Brit Award-winning singer-songwriter Laura Marling had to endure a false start followed by an unintended eight-month hiatus before writing and recording her fifth album, Short Movie, scrapping some of the songs that came before it and drawing from her experiences in Los Angeles, where she set up shop for two-and-a-half years (she's in the process of relocating back to the UK).
The resulting album sounds like a brave, at times combative, fresh start, not least because of the fact that Marling has revamped her relationship with the guitar by switching mostly to an electric (a semi-hollow body Gibson ES-335, borrowed from her dad).
Most striking are a handful of rock-oriented songs — many of which you can actually dance to — with snarling, heavy, tumbling and crackling guitar parts, strings and thickly textured drums, hand drums and percussion. For the most part, Marling's vocals more than keep pace, her singing deeper, more authoritative and biting than we've heard before, channelling Chrissie Hynde and Patti Smith rather than her usual foundation, Joni Mitchell. (There's still fluttery acoustic folk on songs like "Easy," however, and "Divine" is gentle, smooth, almost yogic).
Marling's love songs often feel urgent, frantic, and Short Movie is no exception. ("You must let me go before I get old," 25-year-old Marling sings on "Feel Your Love"). Her bold statements and revelations seem more grounded in real life observations this time around, less in archetypes (though there's some of that at work on atmospheric opener "Warrior"), whether she's drawing on her experience of being an insomniac at an Airbnb in New York during Hurricane Sandy (on the suitably dramatic "False Hope") or writing about the meeting between Chilean filmmaker Alejandro Jodorowsky and Reyna D'Assia, daughter of spiritual teacher G.I. Gurdjieff (the unlikely subject matter for the poppiest song on the record).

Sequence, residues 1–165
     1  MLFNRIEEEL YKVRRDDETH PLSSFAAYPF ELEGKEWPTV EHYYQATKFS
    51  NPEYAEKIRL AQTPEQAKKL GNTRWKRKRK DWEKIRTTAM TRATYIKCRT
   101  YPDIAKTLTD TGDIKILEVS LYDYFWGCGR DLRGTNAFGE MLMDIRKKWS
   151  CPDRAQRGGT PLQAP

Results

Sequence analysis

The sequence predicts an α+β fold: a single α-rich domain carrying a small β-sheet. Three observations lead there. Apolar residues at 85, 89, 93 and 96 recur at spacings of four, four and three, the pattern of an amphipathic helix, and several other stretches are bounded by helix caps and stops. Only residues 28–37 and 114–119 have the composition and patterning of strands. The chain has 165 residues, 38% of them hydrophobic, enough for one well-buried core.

The best stuff on Short Movie sounds like it may have originated in the most painfully personal places: quiet electric guitar ambles alongside Marling's tentative, wry observations on "Walk Alone," while bluesy stream-of-consciousness "Strange" — compelling in its harshness — is an acoustic headbanger. The noisy title track, meanwhile, appears to be about shaking off mistakes. (Ribbon)